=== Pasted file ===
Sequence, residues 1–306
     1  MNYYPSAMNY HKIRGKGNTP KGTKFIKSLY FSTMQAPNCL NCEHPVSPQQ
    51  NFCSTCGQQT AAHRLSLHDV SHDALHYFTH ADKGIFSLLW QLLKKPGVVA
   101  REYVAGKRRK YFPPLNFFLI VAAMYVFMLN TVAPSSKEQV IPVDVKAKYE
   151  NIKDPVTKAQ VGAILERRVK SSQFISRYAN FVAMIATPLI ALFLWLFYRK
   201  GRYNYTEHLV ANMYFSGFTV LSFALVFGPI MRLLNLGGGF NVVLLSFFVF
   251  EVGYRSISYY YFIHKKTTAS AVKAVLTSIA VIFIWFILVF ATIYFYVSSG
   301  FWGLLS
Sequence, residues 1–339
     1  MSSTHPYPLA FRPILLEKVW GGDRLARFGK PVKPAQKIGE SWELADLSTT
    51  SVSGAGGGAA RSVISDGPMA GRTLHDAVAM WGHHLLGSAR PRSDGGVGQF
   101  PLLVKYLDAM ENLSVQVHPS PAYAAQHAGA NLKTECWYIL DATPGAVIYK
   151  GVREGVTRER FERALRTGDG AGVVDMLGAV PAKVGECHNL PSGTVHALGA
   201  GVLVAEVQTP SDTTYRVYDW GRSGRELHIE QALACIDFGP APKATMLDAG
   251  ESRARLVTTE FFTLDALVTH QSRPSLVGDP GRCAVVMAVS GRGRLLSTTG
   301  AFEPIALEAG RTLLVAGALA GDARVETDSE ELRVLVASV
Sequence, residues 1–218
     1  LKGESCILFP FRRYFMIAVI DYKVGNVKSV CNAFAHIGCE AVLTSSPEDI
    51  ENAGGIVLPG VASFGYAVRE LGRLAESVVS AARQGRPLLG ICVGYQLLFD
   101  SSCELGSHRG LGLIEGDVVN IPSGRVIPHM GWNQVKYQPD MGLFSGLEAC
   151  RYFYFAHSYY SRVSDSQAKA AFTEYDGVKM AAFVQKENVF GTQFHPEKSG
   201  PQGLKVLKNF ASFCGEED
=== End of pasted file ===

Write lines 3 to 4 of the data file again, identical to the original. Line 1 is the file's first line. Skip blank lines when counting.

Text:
    51  NFCSTCGQQT AAHRLSLHDV SHDALHYFTH ADKGIFSLLW QLLKKPGVVA
   101  REYVAGKRRK YFPPLNFFLI VAAMYVFMLN TVAPSSKEQV IPVDVKAKYE